Current and former Post-Doctoral Researcher

 

*     Dr. Toshiaki Hatano,     link to personal website, works on the transverse dynamic atomic force microscope project (2013-       )

*     Dr. Said Khan,             link to personal website, worked on the transverse dynamic atomic force microscope project (2011-2013)

 

Former PhD-Students advised at the University of Bristol

 

*     Dr. Khairi Ishak, University of Bristol, (subject to graduation)

*     Dr. Nasiruddin Mahyuddin, University of Bristol, (now at Universiti Sains Malaysia)

*     Dr. Michael Jäntsch, graduated at the Technical University of Munich (co-supervisory effort with Professor Alois Knoll; member of examination panel together with Professors Knoll and Albu-Schäffer, link to thesis)

*     Dr. Wei Wei Yang, NUDT, China (common supervision with Dr. Mark Lowenberg and Professor Xiaoqian Chen)

*     Dr. Tingli Su, graduated at BIT, China, shared funding from the Chinese Scholarship Council and Jaguar and Landrover, UK

*     Dr. Jamaluddin Jalani

*     Dr. Said Khan,             link to personal website;  link to Human-Robot Interaction movie (supervised together with Dr. Tony Pipe and Professor Chris Melhuish)

*     Dr. Nadjib Hammoudi, University of Bristol, (Supervisor Professor Mark Lowenberg; co-advisory support, collaboration on dynamic gain scheduling)

*     Dr. Stefano Longo,       link to personal website@Cranfield,      link to personal website@Imperial,                   link to poster

IET 2011 Control PhD Award for his work on "Optimal and Robust Scheduling for Networked Control Systems"

*     Dr Jing Na, University of Bristol, graduated at BIT, China, funding from the Chinese Scholarship Council (now full Professor at Kunming University of Science and Technology)

*     Dr. Adam Spiers, University of Bristol,                   link to personal website @ Yale,                 link to project website,      link to poster

 

Former and Current Postdoctorate Visitors

 

*     Dr. Li Jian, visiting from NUDT, China, November 2010-October 2011

*     Professor Jing Na & Professor Xuemei Ren, Beijing Institute of Technology, Visiting in Summer 2010/2011/2012

*     Professor Jing Na (Kunming University of Science and Technology), Marie-Curie Fellow at the University of Bristol, 2014-2016.

 

Link to Group and Graduation Photos

Some Recent and Current Grants:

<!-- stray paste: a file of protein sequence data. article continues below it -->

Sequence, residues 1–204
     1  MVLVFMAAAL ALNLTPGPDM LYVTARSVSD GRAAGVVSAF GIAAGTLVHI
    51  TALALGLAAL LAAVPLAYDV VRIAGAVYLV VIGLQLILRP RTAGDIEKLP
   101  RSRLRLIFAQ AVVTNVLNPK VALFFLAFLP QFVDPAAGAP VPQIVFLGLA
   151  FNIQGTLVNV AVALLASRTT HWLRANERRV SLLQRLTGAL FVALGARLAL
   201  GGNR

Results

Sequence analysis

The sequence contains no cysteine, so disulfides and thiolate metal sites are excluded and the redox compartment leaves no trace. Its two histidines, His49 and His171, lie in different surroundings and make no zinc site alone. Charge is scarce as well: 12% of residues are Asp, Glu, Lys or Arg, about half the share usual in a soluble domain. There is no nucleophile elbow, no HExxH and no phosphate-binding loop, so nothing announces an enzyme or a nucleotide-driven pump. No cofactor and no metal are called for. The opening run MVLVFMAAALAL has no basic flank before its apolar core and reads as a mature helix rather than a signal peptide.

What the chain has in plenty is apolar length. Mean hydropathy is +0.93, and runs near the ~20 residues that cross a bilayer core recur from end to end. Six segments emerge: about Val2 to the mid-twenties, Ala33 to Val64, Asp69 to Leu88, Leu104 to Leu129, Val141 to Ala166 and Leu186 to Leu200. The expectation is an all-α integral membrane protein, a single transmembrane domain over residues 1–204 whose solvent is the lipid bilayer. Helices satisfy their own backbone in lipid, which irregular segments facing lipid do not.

*     2014-2016                   Marie-Curie Fellowship of Professor Jing Na (EU-FP7, Project Reference: PIEF-GA-2013-625531)  

 

*     2012-2015                   MYOROBOTICS A framework for musculoskeletal robot development   (EU-FP7, Project Reference: 288219)      Co-Investigator

 

*     Jaguar Landrover funded PhD-studentship, Principal Investigator

 

*     2011 Nov-2015 Apr      Robustness and adaptivity: advanced control and estimation algorithms for the transverse dynamic atomic force microscope, EPSRC (Ref.: EP/I034882/1+EP/I034831/1)  Principal Investigator and Project lead on both projects

 

*     2010 Oct-2011 Sep      Optimisation of nonlinear Networked Control Systems for advanced Network Scheduling,      Jaguar & Landrover,          Principal Investigator

 

*     2010 Apr-2012 Apr       Sensor-Reduced Adaptive Observation and Control in Vehicular Systems – International Joint Project – NSFC (China)   Royal Society Research Grants (Ref.: RG2474 / JP090823)        Principal Investigator

 

*     2008 Apr-2009 Apr       A hardware in the loop tool for control optimized communication in distributed control     Royal Society Research Grants (Ref.: RK6923) Principal Investigator

 

Overall Value as PI: ~£ 1,000,000

Total: £ 3,470,200

 

Conferences:

 

General Chair of FIRA-RoboWorld Cup and FIRA-Roboworld Congress together with TAROS-Conference in Bristol in 2012

General Chair of International Conference on Social Robotics in Bristol in 2013

 

Co-Authored Books:

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Optimal and Robust Scheduling for Networked Control Systems: Longo, S. , Su, T. , Herrmann, G. & Barber, P. 19-Apr-2013 CRC Press, Taylor & Francis. 280 p. (Control Series).

 

Edited Books:

Social Robotics : 5th International Conference, ICSR 2013, Bristol, UK, October 27-29, 2013, Proceedings, Herrmann, G. , Pearson, M. J., Lenz, A., Bremner, P., Spiers, A.J., Leonards, U.B. 2013 Springer-Verlag, Berlin Heidelberg, 593 p. (Lecture Notes in Computer Science).  

In 2013, this edited book was among the 25% most downloaded books in its class.

image006